• Noble Titles — “Acquire with confidence an authentic Scottish title of Baron or French Title of Marquis, Count or Baron.”

• An 18-karat gold Space Traveler’s Watch which displays mean time, star time, the age and phase of the moon, for $350,000.

But rather tellingly, there are also ads for:

• Earn $10,000+ monthly within 6 weeks, and:

• Make $4,000 per day playing baccarat.

My favorite ad is “TP for the VIP” — customized toilet paper imprinted with the name of your boat, your airplane or business — or any photograph you choose — 8 rolls for $49.95.

Who do you want to get even with?

 

What Techniques Seem to Work?

Here are some ideas you may want to consider when developing a program towards the affluent market.

1. Affluent people love to save money — that’s probably how they became affluent.

Even the prestigious Robb Report includes a bind-in BRC with a subscription offer — save 35% off the cover price! — just like People magazine and Guns and Ammo. And in a recent issue, they ran an advertisement for used cars. (Okay, it was for Rolls Royce — and they called them pre-owned, but they were used)

2. Affluent people like to be acknowledged as affluent.

However, when it comes to direct mail, you need to be careful. An outer envelope headline that identifies the prospect as a wealthy individual may be a breach of their privacy, and even raise security issues.

3. Affluent people also like to be acknowledged as something more than just affluent.

They’re not just richer — they’re smarter, more sophisticated, more demanding, more worldly. They’re connoisseurs, collectors, gourmets. A recent ad for Aglaia Jewelry had this headline; “Your aspiration for perfection is your essence.” Not your bank balance, apparently. And our most successful positioning for The Private Bank was “Why do so many affluent and accomplished people rely on The Private Bank?” (Italics added)

4. Affluent people respond to exclusivity.

They long to be charter members, or even charter subscribers. They want to believe they are in good company, with access to things that are beyond the rest of us.

5. Affluent people want the things that money can’t buy.

One of my favorite techniques for marketing to affluent people is to offer them something that their money can’t buy. It may be information on the best beaches in the world, or a listing of the 10 most exclusive hotels. It may be meeting a famous celebrity, or sports star, someone that would not normally be accessible. It may even be an experience that cannot be duplicated. I ended the article with the following:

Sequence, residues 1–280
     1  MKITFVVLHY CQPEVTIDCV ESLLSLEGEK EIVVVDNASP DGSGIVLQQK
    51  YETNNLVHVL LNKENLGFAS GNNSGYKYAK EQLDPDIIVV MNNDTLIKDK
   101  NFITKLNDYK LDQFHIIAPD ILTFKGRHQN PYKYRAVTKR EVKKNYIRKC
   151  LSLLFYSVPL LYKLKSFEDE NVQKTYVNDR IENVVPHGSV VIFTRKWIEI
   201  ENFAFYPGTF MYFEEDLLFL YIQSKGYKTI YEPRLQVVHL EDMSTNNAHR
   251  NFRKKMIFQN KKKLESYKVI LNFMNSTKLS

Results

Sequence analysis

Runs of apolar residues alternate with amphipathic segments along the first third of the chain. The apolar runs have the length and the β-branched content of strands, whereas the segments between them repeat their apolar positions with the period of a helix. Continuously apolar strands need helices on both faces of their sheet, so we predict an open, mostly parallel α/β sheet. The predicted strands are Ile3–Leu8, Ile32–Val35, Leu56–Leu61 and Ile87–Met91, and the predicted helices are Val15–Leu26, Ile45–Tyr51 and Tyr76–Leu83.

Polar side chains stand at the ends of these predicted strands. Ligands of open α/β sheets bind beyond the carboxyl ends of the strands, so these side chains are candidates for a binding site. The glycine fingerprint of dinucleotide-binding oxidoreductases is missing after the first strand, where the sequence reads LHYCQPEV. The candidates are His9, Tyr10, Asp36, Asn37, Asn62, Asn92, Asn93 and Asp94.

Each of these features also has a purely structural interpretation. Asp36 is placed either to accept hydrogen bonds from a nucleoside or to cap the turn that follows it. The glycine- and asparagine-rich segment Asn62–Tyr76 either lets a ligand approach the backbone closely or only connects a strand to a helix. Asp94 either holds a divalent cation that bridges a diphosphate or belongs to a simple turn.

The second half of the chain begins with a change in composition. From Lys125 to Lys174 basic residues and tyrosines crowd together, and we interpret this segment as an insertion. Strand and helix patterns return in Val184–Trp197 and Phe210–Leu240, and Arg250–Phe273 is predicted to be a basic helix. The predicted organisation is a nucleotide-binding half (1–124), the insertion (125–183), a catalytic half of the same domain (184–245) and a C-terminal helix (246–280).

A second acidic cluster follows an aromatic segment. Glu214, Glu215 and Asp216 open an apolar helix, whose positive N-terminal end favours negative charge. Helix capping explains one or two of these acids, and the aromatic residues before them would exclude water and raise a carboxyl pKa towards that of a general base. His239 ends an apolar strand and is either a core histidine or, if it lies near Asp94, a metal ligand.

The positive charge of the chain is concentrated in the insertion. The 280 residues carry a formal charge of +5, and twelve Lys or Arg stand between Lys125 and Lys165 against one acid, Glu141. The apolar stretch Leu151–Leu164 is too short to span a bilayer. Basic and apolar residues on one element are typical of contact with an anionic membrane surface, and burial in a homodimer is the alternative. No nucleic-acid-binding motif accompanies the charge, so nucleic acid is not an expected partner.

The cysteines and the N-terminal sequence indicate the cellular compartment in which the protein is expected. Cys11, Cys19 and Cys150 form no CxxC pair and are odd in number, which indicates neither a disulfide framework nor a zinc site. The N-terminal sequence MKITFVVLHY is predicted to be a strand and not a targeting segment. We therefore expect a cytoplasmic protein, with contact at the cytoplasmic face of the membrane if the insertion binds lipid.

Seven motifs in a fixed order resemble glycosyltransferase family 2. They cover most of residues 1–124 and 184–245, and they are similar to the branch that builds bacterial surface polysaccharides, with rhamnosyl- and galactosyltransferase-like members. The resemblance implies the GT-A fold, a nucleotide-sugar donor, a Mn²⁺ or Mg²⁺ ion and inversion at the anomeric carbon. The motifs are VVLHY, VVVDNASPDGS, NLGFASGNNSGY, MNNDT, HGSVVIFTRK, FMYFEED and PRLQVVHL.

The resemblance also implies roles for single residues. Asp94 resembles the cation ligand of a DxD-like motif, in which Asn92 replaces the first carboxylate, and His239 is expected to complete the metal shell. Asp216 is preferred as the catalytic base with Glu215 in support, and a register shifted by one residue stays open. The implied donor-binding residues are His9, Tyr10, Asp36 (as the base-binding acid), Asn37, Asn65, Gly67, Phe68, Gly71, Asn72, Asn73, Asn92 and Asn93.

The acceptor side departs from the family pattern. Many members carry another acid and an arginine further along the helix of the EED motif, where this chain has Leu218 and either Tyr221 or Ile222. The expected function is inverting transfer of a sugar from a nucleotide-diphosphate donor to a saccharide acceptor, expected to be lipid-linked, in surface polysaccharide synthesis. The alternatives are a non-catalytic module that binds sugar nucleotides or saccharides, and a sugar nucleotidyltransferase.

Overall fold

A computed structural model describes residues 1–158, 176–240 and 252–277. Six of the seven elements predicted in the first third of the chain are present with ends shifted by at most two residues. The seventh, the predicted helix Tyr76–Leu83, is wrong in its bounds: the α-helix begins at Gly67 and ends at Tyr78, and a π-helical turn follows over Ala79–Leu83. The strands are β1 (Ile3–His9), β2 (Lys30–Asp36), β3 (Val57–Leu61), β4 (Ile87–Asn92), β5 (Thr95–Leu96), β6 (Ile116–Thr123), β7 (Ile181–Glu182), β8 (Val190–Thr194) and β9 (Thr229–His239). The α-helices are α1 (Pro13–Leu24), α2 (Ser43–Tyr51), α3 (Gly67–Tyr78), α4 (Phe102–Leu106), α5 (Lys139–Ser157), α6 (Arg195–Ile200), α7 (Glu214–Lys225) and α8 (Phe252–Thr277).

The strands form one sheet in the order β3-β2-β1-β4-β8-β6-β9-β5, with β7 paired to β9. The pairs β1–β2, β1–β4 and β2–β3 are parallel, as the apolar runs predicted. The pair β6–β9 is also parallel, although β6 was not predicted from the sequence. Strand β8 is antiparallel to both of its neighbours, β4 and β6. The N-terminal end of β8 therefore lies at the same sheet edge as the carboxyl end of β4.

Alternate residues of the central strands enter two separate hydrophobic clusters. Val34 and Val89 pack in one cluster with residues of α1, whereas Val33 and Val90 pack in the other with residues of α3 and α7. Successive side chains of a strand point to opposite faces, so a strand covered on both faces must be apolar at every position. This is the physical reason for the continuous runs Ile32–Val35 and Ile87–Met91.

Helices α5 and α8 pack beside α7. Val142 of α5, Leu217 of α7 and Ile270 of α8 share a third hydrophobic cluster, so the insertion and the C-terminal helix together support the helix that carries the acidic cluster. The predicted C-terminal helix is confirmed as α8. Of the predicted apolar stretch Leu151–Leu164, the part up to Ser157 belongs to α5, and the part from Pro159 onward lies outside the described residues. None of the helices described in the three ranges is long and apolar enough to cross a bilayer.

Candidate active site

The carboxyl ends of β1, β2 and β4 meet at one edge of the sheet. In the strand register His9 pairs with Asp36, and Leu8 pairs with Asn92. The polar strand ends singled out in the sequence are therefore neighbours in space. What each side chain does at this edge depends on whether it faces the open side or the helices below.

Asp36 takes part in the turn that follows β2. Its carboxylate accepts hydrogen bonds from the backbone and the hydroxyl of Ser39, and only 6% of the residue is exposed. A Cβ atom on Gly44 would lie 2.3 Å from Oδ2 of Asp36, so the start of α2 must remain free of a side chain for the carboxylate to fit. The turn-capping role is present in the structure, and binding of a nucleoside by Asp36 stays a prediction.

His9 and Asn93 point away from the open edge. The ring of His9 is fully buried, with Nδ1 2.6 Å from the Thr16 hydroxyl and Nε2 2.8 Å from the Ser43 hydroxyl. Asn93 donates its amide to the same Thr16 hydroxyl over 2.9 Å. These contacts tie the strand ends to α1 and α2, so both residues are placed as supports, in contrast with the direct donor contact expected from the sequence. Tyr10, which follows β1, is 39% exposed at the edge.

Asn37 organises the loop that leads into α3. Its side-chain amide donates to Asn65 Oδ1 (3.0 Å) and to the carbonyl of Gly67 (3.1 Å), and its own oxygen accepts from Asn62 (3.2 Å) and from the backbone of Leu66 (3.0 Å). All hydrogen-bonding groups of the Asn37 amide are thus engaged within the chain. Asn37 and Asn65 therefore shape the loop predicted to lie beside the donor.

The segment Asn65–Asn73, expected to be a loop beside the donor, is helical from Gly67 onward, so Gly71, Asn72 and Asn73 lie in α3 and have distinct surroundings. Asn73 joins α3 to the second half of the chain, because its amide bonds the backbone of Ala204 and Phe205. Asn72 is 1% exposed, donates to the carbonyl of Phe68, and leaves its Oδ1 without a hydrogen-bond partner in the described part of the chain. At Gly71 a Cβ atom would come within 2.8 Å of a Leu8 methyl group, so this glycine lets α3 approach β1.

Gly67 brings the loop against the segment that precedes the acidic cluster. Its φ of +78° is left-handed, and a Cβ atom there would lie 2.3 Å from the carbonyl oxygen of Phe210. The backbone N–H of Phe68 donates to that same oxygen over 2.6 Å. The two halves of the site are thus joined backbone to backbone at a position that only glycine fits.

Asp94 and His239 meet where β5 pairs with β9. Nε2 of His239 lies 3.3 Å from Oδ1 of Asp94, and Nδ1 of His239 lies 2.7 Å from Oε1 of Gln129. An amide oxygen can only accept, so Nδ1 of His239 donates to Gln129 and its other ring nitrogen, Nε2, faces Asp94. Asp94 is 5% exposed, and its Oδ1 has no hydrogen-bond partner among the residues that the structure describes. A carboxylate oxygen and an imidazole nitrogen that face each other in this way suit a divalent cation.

Alan Rosenspan is incredibly wealthy — he has a loving wife, two beautiful children, and two highly affectionate, if not obedient, dogs.

Interesting Addition to Amazon’s Review Process

November 25, 2011

In looking at some items on Amazon the other day, I noticed the button on Verified Purchaser Review and I fell in love with it immediately. The biggest complainant/question that most people have with Amazon reviews (in fact all Review Websites) is that most  people who review a book are plugs, they have not purchases the book and our nothing more than a friend of the author or have an axe to grind with the book or product.

However this is now all gone away. Well done Amazon, Yelp maybe you can learn a thing or two from just. Just a thought.

What I learned from my 11 year old about prospecting

October 28, 2011

Last week we had time to kill before my son’s football game on a Sunday afternoon so we went to a BBQ restaurant that we wanted to try in the North Shore suburbs. This was a restaurant that we saw highlighted on a TV Show the Best of Chicago. The food was great and it had a neat atmosphere.

As we were getting ready to leave, my daughter said “Don’t you want to give them your card about advertising with RSVP Chicago?” And you know she was correct. I did, it had slipped my mind. So I walked over and gave it to the manager.

Lesson learned: Always be prospecting. It takes a family to grow a business. Everyone is a prospect. Live through the eyes of a child.

What is happening with Daily Deal Sites? Like we did not see this coming…

September 3, 2011

This week, Facebook Closed down their daily deal site and services, the Chicago Tribune closed down their daily deal site. Living Social and Groupon saw limited visits to their sites. Groupon stated that they will cut their marketing expenditure to $0.00 to get to profitability in 3 year??? Really cutting your sales and marketing expense to nothing is going to get you to profitability.  Are daily deal sites a passing fad. Were they ever really a business model

Now don’t get me wrong, I think some of the deals were great for the customers, and probably a great way for cash infusion for cash strapped small business. But the downstream consequences of these deals needed to be thought through. What was our acquisition cost per customer. What was the long-term position of this to our business and our brand. Will we keep the customer that we acquire, if so what percentage is acceptably for me to make money.

For the business that were started what is the long-term strategy? What is our competitive distinction and differention? How will we make money in this competitive environment? How will acquire new customer and build our consumer database?

At the end of the day, the daily deal site was a great idea but the question is for who. And was it ever really more than a lead generation model or sampling for the year 2011.

Why you should dare to be different.

June 17, 2011

Spending as much time as I do on local advertising: thinking about it, studying it, dissecting it, wondering why about it. In fact it is probably every waking moment when I am not with my family.

What I see is that it is the same old, same  old, no one is doing anything that is different. Take any ad that you see and remove the company name and phone, and it is interchangeable. No one is different, their is no value prop. No USP. No Call to Action other than call us today.

Spend some time with your ads and see if there is anything different about them. Why should the prospect pick up the phone to call you vs everyone else, or doing nothing.